How true were these claims?
The illusion of normalcy
As August 5 dawned, hundreds of people were being rounded up and arrested: separatists, pro-India politicians, lawyers, stone pelters, would-be protesters, according to the police. All forms of communications were blacked out in the Valley: landlines, mobile phones, internet, satellite channels. While the Valley saw the most complete blackout, internet and phone connections were snapped in Jammu and Ladakh as well.
In Kashmir, there was an undeclared curfew that persisted for weeks. There were no written orders but there were early morning announcements made from security vehicles fitted with loudspeakers, warning people not to leave their homes. Concertina wires spooled across streets and girded buildings in Srinagar.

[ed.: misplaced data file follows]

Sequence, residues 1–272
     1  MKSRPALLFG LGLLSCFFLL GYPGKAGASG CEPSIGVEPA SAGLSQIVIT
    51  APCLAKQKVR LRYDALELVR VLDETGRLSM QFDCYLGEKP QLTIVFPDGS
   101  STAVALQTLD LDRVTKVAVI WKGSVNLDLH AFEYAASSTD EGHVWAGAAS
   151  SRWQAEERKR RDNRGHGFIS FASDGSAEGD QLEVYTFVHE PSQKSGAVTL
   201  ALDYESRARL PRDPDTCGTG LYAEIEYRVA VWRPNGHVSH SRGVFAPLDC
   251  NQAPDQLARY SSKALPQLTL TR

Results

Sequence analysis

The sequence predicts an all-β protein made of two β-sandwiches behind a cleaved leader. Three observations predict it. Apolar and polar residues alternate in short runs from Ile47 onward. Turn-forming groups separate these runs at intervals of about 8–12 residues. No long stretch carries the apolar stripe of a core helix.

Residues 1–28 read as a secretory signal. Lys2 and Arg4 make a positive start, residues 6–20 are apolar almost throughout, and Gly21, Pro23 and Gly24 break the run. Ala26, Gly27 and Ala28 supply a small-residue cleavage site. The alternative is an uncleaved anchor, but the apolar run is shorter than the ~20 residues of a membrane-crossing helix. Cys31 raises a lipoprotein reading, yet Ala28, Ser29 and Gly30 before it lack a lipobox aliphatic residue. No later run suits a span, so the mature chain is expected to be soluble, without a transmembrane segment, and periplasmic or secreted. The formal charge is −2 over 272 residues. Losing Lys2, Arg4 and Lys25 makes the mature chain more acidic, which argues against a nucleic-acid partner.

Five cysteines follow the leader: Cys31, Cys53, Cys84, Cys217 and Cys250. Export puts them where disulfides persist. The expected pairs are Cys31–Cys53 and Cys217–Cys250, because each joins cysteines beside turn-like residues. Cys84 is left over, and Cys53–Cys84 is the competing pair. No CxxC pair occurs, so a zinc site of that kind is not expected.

While the government tried to pass off the eerie quiet as calm, there were scattered protests in the Valley. Soura, in Srinagar, emerged as an epicentre for protests. One youth drowned running from security forces, another teenager died after being hit with teargas shells, among other casualties. As protesters stayed away from hospitals, afraid of arrests, many became expert at removing the metal pellets used by the security forces in crowd control. Ladakh’s Kargil district and border districts in Jammu also saw protests against bifurcation.
In the months that followed, residents of the Valley observed a “civil shutdown”. Even though no strike had been declared by separatists, traders kept their shops shut and ordinary citizens stayed home even after the government imposed curfew had been lifted.